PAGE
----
The Knowing Ones

None of us can forsee when he will be faced with the "knowing" ones. They are a different problem from the awkward moments we discussed in the previous article, and they are never twice the same.

The best example I can quote occurred at the Westminster Theatre two years ago when Jasper Maskeleyne was presenting the old trunk trick. He had invited a fairly large number of older children on to the stage and after allowing them to examine the trunk, he spread them out. Suddenly, a very bright and well-spoken boy advanced and in a loud voice said "Excuse me, sir, but I have a theory about this trick." Maskeleyne handled the situation beautifully. With a smile he replied, "Really? Now that's very interesting. I like boys who use their brains. Unfortunately we haven't time now to go into the matter because most of these people want to catch buses and trains or to get their tea. But if you'd like to come round to my dressing-room or to write me a letter, I'd be delighted either to talk to you or to reply by return of post." The boy was satisfied, the audience thought Jasper the perfect gentleman, and the show went on.

All of which helps me to make my first point, namely, never get rattled or show annoyance. To some extent the spectators who have come up to help are representative of the audience and the audience will resent any attack on them or rudeness to them— unless the helpers are themselves thoroughly rude and stupid.

In the old days, it was common for conjurors and the iike to take it out of helpers by making them spring off chairs, or break things and generally look idiotic. That, I am certain, was bad psychology. Surely it is better to show some return for the help offered by putting these folks at ease. In the case of children, some little reward is far better than making them pout. Also, it ensures that they don't take a rise out of YOU.

I have never much liked the deliberate " sucker" trick, that is, one which makes the helper look a complete fool. Yet there are little side-lines that are effective when you gef a too-knowing helper; but in a pleasant way. One of the best is the Chinese Wishing Papers.. It is a very good trick in itself and when, in the end, the dear old Chinese gentleman smiles on everybody, there is general surprise and nobody is hurt. I always have it handy. It will fit in to every type of programme, even a mentalist's, because of the "wishing" idea.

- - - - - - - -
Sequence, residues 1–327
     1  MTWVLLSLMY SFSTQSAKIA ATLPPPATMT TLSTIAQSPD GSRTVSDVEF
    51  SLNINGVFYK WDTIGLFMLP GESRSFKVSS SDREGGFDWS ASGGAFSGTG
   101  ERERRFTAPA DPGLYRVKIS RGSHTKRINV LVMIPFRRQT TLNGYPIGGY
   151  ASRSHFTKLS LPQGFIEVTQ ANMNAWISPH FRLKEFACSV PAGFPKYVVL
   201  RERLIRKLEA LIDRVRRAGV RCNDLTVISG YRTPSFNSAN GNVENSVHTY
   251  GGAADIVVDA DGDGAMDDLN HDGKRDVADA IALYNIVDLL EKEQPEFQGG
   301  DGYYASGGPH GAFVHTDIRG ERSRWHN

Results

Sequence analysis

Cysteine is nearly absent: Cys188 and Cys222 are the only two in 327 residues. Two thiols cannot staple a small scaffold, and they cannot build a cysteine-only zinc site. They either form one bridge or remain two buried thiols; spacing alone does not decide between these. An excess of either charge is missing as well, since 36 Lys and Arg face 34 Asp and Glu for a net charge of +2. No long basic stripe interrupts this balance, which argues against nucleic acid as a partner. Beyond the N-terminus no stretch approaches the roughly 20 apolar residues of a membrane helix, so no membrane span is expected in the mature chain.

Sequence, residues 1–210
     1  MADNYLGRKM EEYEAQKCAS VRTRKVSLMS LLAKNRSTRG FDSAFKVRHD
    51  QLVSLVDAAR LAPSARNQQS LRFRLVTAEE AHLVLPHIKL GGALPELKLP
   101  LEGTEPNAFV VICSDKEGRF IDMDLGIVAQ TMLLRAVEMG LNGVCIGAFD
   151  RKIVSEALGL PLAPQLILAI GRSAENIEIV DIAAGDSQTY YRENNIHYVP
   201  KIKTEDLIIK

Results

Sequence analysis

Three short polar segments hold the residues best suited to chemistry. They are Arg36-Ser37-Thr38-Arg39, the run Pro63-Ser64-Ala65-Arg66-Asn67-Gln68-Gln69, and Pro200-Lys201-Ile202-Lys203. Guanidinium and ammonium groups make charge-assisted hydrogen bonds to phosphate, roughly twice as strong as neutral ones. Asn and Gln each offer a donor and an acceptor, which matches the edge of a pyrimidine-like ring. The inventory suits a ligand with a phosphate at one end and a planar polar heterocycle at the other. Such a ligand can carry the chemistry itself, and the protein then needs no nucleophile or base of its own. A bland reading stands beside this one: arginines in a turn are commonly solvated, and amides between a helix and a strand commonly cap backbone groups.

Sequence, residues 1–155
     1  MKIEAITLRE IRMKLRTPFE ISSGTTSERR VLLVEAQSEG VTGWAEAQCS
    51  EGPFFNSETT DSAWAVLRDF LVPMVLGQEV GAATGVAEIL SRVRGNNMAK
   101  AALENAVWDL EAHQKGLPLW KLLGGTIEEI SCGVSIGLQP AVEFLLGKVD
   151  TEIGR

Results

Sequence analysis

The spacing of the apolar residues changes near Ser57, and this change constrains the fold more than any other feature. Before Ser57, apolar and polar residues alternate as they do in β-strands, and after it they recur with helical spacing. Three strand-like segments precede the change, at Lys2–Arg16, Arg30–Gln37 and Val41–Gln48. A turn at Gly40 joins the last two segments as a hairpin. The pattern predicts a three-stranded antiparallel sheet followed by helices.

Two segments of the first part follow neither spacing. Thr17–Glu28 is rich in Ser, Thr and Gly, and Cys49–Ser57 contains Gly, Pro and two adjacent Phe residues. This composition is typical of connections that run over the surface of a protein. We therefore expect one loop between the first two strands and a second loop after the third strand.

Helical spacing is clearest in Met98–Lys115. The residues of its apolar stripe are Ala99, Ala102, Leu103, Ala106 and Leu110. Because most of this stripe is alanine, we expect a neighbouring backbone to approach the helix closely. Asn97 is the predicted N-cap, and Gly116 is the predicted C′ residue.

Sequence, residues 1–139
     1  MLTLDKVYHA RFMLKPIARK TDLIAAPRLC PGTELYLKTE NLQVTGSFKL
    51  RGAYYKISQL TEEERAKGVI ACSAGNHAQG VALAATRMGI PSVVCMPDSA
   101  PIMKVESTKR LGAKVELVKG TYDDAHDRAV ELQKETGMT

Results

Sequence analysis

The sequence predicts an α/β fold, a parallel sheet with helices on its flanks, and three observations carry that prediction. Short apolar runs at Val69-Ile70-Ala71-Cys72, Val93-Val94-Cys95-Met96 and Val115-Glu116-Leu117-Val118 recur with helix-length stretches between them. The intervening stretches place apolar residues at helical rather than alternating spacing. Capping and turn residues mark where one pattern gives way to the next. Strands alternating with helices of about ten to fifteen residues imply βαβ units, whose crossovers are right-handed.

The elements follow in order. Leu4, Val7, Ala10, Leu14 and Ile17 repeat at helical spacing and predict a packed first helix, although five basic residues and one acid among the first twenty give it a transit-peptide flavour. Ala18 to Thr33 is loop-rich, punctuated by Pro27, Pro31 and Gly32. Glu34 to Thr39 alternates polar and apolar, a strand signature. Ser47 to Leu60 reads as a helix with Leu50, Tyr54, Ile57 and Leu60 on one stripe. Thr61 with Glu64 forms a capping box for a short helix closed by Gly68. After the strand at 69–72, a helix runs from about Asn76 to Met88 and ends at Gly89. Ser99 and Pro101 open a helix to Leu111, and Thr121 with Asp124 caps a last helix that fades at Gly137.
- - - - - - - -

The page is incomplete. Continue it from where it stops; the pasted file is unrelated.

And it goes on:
When a helper looks quizzically at some piece of apparatus the wise magician will never say "Oh, no—it hasn't got a false bottom". That is negative and arouses further suspicion. Far better and more positive to say "Oh, yes—DO look at it and perhaps, afterwards, you will kindly hand it round." I am afraid that too frequently we ask for trouble, unwittingly. Recently I bought from Max the "Miraculo". There is considerable surprise at the climax when it is seen that the cards have changed colour, especially as they are displayed SEPARATELY. Now, my advice is to leave it at that. The temptation is to go one better and after fanning them, to point out that the backs are quite ordinary. By all means fan them and show the backs. But turn the fan round naturally without saying anything about them. Otherwise some "knowing" one will ask you to separate them. You have, in fact, INVITED him to do so.

Of course there are occasionally people who are dangerously "difficult". In that case throw yourself on the sympathies of others. The nice ones are in the majority. When doing the Mammoth Memory trick (with figures) at a big dinner with many celebrities present, I asked a well-known Political Party leader to take a card. Very snootily he replied "NEED I?" "Oh, no" I replied "not if you don't wish to," and then I looked appeal-ingly round, particularly at Sir William Bev-eridge the great economist. Immediately, Sir William said "May I have a card?" and like a shot I handed him one. I sensed at once that everybody disliked the first man for being so ungracious. They all smiled when Sir William took his card. When eventually I announced the amount on the card and Sir William called "absolutely correct," there was louder applause than for any other helper.

My method when a spectator says point blank "I know how that's done" is to reply "Jolly good trick, isn't it? We'll keep our secret, won't we?"—to which he nearly always answers "You bet we will."

"JHlmost in Confidence"


A Lesson in Misdirection.


Some years before my retirement from the stage, I worked out the following trick, and presented it with success in my public performances.

The principle upon which it is based is one of the oldest known to magicians, but to the best of my knowledge no "moves" exactly like those about to be explained have ever appeared in any book or magazine. Be that as it may, I am describing them in this article as an illustration of the vast importance of detail, presentation and, especially misdirection.

No preparation is required, and all that is needed is a piece of soft rope or stout cord, of any colour, and about eight or nine feet long. But it must be soft, and not shorter than stated.

To begin with, I shall explain, in full detail, the mechanics of the trick, and I shall then tell the reader how I think it should be presented.

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